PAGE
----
that fourth idiot write-up was very nice ! i am one of the lucky ones too, who's parents didnt insist on a particular career pursuit, but guided me when i was losing direction (as you may remember from 1994, when i wanted to go to mudumalai). Fortunately they let me do whatever i wanted, and now i feel so good about myself and my past. i love what i do, and i do what i love!
cheers to more parents like ours,

Excellent personal reflection Anirudh. You truly have been a path breaker, a fourth idiot - and enjoy what you do as always. continue the good work.
we will be visiting pune in June, so hopefully will see you.

that ws wow sir.. ek number.. i loved it!!
hatts of too baba.. :) gr8 advice n wud surely try applying it on my life as well
love u sir.. !!
love ur baba as well :)
tk care
harshada potdar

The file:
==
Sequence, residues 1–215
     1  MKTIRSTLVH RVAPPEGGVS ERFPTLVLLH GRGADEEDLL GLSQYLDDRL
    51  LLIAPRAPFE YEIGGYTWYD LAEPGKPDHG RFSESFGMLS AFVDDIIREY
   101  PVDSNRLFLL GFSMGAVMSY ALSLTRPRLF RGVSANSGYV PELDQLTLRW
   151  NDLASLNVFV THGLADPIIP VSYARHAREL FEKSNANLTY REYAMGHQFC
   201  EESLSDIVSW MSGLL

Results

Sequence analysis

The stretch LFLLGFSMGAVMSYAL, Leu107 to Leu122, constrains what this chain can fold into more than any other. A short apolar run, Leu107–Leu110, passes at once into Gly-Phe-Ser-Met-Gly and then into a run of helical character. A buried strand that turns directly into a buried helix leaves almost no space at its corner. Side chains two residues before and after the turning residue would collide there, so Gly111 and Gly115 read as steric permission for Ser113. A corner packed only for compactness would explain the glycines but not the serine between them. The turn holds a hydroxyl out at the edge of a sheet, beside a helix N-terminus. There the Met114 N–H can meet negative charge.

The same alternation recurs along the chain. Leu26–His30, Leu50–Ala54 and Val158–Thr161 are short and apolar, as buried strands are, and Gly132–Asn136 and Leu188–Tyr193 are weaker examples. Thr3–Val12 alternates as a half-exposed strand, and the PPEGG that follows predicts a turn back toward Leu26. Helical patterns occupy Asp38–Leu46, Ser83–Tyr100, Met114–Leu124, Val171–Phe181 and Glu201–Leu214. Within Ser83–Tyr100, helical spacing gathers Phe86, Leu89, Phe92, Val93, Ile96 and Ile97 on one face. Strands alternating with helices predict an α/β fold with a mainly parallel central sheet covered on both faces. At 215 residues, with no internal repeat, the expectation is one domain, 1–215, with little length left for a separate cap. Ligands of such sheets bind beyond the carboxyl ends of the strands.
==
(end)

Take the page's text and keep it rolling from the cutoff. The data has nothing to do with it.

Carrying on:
Interesting. I am very happy that I also come under the category of idiots as I have taken a sabbatical from academics and doing things in which I am interested. Actually my father is also an idiot. When I was 3 years old, my parents started thinking about my schooling. Appa (my father) was not interested in formal teaching, a lot of homework and heavy syllabus as he thought these types of schools dont let the childe to be free and grow as they want. He was inspired by 'Totto Chan' a book on informal school education written by Tetsuko Kuroyanagi. And he started a new school with different principles like experiential learning, theater in education etc. this is our school's website. As a part of activities in our school Mr. Gangadhar Kallur (Honorary Wildlife Warden, Dharwad Distt.) conducts treks for the children in our school. He is an expert trekker, explores forests alone and goes for trekking alone for as long as a month. He taught me rappelling, rock climbing, map-reading etc. Please see our school's website and give your comments.